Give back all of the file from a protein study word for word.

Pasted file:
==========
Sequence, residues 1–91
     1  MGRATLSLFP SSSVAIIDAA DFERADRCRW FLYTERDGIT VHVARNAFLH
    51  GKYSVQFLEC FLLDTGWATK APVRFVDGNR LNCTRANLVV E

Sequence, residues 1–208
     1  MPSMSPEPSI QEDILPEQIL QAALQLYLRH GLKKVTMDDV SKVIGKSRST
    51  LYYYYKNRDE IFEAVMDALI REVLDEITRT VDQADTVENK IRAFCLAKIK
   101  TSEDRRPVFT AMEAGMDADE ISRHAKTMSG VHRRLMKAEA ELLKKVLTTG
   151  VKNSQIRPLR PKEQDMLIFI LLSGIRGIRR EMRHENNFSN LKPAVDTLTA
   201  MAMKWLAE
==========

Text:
Sequence, residues 1–91
     1  MGRATLSLFP SSSVAIIDAA DFERADRCRW FLYTERDGIT VHVARNAFLH
    51  GKYSVQFLEC FLLDTGWATK APVRFVDGNR LNCTRANLVV E

Sequence, residues 1–208
     1  MPSMSPEPSI QEDILPEQIL QAALQLYLRH GLKKVTMDDV SKVIGKSRST
    51  LYYYYKNRDE IFEAVMDALI REVLDEITRT VDQADTVENK IRAFCLAKIK
   101  TSEDRRPVFT AMEAGMDADE ISRHAKTMSG VHRRLMKAEA ELLKKVLTTG
   151  VKNSQIRPLR PKEQDMLIFI LLSGIRGIRR EMRHENNFSN LKPAVDTLTA
   201  MAMKWLAE